For me, having happily finished Persona 5, Strikers story is a fantastic follow-up on the original game. All of my favorite characters returned fully-voiced with new and deeply emotional missions ahead of them that lead them down the darkest corners of human nature, cruelty, and the other selves we create to seize our desires. Even side characters like Sojiro return in the periphery, though some favorites, such as Dr. Tae Takemi and airsoft weapons dealer Munehisa Iwai are absent for canonical reasons. Even so, new characters to the cast like the mysterious AI Sophia and detective Zenkichi Hasegawa make for compelling additions. Both bring interesting angles to the overall Phantom Thieves narrative.

Finally, the overall presentation and music of Persona 5 Strikers are as good as anything I’ve seen or heard in the Persona series so far. Remixed and original musical tracks like Last Surprise and Life Will Change return alongside some new absolute bangers from original contributing composer Atsushi Kitajoh and returning jazzy vocalist Lyn Inaizumi.

That said, Persona 5 Strikers also does very little to explain itself, its returning cast, and much of the events prior. As such, I feel like anyone who didn’t thoroughly explore Persona 5 is going to be very lost trying to follow most of what’s going on in Persona 5 Strikers, especially in the early hours of the game. This was definitely a narrative made altogether as a sequel that spends miniscule amounts of time looking back at the story beats of the original outside of light references.

The Phantom Thieves ride again

As a spinoff developed by Omega Force, one might go into Persona 5 Strikers thinking its simply another series of levels in which players beat up crowds of enemies and defeat bosses. It’s not tremendously far from that, but there is some massive differences from it and other Musou games. Persona 5 Strikers is built more like an action-RPG in which you do most of the same things you did in Persona 5, but with action-based battles instead of the usual turn-based affair.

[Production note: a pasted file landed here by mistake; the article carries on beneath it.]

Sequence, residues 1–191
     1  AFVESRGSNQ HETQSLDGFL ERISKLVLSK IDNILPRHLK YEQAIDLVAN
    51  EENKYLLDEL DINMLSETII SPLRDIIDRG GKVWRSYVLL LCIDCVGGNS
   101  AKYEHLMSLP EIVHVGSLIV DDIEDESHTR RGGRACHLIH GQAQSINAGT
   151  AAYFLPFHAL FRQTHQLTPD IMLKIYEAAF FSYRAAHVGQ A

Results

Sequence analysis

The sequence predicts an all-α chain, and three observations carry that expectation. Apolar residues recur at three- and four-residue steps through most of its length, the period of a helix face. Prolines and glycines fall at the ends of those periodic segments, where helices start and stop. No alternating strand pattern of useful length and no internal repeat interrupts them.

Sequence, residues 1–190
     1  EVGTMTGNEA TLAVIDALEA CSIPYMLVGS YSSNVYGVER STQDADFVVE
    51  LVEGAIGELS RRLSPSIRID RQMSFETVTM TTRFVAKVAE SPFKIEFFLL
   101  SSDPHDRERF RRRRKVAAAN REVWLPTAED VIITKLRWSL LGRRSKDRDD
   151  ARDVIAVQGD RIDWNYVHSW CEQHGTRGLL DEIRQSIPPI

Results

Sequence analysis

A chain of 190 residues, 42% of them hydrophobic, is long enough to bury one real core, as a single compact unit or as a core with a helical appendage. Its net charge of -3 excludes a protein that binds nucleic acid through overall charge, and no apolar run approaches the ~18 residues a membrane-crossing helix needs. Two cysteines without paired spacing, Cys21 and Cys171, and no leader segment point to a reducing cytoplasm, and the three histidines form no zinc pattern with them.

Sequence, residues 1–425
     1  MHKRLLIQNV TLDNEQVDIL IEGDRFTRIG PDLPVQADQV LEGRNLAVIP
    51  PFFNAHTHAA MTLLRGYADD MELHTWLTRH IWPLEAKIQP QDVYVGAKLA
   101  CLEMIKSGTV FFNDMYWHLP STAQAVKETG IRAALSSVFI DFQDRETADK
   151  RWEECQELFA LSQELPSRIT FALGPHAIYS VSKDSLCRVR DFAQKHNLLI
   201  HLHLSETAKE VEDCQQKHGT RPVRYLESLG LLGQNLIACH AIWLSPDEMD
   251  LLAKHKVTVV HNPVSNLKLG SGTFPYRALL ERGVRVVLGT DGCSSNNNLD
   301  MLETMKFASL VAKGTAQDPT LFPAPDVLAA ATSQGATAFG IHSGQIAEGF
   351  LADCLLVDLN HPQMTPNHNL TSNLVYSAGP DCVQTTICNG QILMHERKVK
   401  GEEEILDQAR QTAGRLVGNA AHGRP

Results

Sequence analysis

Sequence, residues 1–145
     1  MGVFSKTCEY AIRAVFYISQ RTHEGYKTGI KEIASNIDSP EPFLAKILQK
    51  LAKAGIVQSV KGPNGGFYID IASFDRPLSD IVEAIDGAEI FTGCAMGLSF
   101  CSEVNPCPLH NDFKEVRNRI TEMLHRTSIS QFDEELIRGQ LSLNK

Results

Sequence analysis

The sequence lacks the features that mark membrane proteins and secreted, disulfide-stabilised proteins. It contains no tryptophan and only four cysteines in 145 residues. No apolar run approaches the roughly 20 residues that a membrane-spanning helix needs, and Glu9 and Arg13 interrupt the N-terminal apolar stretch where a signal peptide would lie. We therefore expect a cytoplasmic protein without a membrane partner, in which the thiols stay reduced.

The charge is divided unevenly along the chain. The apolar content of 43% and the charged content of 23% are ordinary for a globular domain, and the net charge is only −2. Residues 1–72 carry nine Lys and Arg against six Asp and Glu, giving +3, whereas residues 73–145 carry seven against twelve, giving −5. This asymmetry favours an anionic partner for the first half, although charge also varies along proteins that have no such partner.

Outside Jails, you still talk to friends, make dialogue choices, investigate target leads, buy items and gear to increase your stats, and more. Even the Velvet Room returns for the purpose of Persona leveling and fusion (more on that later). Inside Jails, you investigate labyrinthine palaces full of shadows you can fight or avoid. Fighting them means leveling up and possibly capturing a monster you don’t have. Plus you’ll unlock puzzles, open the way to the boss little by little, and eventually plan a heist to confront the Jail’s leader in a huge boss fight to change their heart once and for all. Fascinatingly, Omega Force kept a lot of Persona 5’s hardcore JRPG mechanics intact, though some of them are more lightened for this game than others.

Battle still takes place with groups of enemies, but these encounters are reduced from full battlefields sprawling 30 minutes to bite-size and mid-size fights in which you defeat a small group, wave of enemies, or a boss before going back to a non-battle exploring state.